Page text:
Review: Dark Void Zero (DSiWare)

More 8-bit retro goodness

We've already seen Capcom enjoy success on WiiWare with their retro-infused Mega Man 9 release. Now it seems they're trying to show DSiWare the same retro love with Dark Void Zero. Of course now the question is, does the game live up to the lofty standards the company has already put in place with Mega Man 9?

Dark Void Zero features a very simple and intuitive gameplay system. Your goal in each level is to locate the various keycards needed to unlock doors, ultimately reaching the portal code needed to progress to the next area. Of course, you're going to have to defeat a boss first. While this might sound simple, you'll quickly find out just how tough it can be, but the game allows you to choose from three difficulties to better customise the game to your skill level.

As you run around each area, you'll come up against a host of enemies trying to stand in your way. You're armed with a standard weapon, but you can also acquire secondary weapons that feature more firepower. You'll find these quite useful in shooting through some of the walls that get in your way, not to mention some of the more powerful enemies.

You can also locate a jet pack that will allow you to fly and hover in the air. If it's collecting items you like, you can also pick up tech points and journal entries strung throughout each level as well. These can be a good incentive to go back and play the levels again in order to locate everything.

Once you've traversed each area, you'll have to match up against one of the game's foreboding bosses. If you thought the levels themselves were tough, wait until you get a load of the game's bosses.

The control scheme in Dark Void Zero is extremely basic and easy to pick up. The two-button setup works well in accurately portraying the good old NES control schemes from the 8-bit era. Couple the tight controls with some extremely well-designed areas and you have an action platformer that should challenge fans of all skill levels. Even with only three levels, there's so much challenge in each area that you'll still get your money's worth out of the game, and then some.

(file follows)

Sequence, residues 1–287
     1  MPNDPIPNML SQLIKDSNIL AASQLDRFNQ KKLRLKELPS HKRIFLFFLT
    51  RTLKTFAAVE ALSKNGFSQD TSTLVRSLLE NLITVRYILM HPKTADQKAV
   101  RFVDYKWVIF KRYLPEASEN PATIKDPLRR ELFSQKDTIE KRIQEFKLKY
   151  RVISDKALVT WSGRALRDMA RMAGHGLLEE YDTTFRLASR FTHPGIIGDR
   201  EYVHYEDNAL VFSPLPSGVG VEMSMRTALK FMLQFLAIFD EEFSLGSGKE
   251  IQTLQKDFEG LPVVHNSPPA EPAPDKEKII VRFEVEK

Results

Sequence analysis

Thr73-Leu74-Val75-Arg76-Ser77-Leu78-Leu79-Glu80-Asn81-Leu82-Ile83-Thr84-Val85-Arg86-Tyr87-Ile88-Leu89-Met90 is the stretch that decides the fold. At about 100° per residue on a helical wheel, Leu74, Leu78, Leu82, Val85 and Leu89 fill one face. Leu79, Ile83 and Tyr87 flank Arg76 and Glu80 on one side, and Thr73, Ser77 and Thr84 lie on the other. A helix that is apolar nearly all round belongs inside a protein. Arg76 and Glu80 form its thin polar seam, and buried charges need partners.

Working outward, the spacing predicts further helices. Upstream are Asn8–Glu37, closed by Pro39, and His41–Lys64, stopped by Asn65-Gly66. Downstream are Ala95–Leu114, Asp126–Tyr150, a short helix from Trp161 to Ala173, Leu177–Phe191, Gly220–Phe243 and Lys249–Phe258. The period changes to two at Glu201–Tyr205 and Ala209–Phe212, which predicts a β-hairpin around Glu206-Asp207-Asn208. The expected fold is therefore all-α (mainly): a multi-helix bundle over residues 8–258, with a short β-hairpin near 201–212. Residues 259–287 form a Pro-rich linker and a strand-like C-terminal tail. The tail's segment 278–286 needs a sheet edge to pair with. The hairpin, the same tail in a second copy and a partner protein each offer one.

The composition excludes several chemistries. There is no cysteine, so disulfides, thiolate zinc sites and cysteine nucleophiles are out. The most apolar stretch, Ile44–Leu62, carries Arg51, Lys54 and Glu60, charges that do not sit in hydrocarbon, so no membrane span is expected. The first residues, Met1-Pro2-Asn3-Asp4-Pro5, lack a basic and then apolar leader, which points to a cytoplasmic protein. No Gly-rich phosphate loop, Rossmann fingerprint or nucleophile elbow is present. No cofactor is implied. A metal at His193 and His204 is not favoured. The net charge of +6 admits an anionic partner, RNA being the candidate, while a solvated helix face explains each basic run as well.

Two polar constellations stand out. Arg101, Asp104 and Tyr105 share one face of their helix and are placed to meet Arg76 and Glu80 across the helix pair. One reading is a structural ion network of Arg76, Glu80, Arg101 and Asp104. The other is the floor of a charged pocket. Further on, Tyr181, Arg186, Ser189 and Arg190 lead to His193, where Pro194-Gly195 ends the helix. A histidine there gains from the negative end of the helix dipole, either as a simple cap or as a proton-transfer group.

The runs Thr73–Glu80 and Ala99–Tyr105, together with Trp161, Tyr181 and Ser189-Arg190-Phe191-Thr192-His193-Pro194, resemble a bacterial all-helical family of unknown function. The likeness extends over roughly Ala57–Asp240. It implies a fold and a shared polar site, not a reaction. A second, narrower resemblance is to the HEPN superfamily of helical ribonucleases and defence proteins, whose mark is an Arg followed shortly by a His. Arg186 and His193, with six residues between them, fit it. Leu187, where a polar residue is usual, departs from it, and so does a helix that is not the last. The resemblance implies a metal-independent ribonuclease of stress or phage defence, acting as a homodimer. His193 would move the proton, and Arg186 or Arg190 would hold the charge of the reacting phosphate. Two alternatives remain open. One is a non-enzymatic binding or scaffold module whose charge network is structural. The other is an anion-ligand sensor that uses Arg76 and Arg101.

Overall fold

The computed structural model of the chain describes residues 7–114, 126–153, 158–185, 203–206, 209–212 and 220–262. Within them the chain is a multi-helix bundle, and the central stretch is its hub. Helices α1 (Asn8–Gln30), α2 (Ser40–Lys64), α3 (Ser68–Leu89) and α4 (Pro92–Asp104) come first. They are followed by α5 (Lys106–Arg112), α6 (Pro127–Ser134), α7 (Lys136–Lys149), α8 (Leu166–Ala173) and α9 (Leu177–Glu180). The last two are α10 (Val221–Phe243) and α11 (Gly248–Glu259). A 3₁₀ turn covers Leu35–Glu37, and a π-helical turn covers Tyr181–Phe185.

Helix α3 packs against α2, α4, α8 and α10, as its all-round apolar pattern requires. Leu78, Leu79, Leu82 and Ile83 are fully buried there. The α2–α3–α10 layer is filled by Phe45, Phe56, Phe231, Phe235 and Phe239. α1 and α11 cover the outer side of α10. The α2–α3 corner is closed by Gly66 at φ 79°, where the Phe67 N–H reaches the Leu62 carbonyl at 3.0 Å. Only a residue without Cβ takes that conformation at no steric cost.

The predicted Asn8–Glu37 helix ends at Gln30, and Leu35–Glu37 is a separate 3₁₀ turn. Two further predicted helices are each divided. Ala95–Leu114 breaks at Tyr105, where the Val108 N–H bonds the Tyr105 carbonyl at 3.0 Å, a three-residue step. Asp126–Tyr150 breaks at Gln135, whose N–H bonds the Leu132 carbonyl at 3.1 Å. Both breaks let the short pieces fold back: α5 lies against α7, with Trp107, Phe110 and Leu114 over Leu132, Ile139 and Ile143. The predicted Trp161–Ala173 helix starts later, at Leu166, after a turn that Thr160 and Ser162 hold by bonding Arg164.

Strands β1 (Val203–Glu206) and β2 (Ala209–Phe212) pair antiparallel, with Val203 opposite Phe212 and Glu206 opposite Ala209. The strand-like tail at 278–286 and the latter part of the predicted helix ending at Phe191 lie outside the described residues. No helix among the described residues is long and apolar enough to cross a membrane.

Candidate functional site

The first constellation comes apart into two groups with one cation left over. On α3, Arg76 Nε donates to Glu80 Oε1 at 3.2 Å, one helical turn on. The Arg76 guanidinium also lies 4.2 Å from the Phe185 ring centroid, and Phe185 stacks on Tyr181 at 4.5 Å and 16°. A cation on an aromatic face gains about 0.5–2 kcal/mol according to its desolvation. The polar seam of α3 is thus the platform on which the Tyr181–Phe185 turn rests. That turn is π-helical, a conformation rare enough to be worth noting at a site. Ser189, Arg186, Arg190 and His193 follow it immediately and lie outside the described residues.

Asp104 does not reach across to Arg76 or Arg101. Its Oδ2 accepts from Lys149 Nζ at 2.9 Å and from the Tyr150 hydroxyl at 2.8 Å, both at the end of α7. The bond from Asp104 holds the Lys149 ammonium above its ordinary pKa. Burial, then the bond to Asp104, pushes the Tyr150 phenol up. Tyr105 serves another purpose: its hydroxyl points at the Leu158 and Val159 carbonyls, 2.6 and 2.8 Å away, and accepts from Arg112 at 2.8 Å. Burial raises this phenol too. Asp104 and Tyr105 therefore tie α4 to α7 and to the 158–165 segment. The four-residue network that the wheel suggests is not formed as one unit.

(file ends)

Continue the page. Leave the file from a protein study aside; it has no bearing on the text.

Visually, Dark Void Zero is exactly what you'd expect from a company shooting for an 8-bit NES-style visual presentation. If you didn't know better, you'd swear you were playing an old NES game, minus the heavy flickering of course. There's still enough detail in the visuals to be able to easily distinguish items you'll be searching for, and the enemies are all well-animated, probably even more so than would actually be possible on a standard NES console. Toss in some wildly vivid colour schemes and you have a very authentic 8-bit visual experience.

Obviously you're going to need a good set of 8-bit chip tunes to complement your visual styling and Dark Void Zero doesn't disappoint. Not only are there some absolutely amazing retro chip tunes to enjoy, but the sound effects the game makes use of are equally authentic as well. It's clear that Capcom put in some time and effort into making sure the audio presentation matched that of the visuals and it makes for a truly incredible audio-visual experience overall.


Sure the game might be a bit on the short side, but given the game's addictive gameplay and fairly high degree of difficulty, it's difficult to complain, especially considering the game will only set you back 500 Nintendo Points. If you're a fan of classic 8-bit action titles and don't mind a slightly elevated level of difficulty, this is definitely a game you'll want to add to your DSiWare collection. And if you're not a fan, this wildly enjoyable title might just make one out of you.

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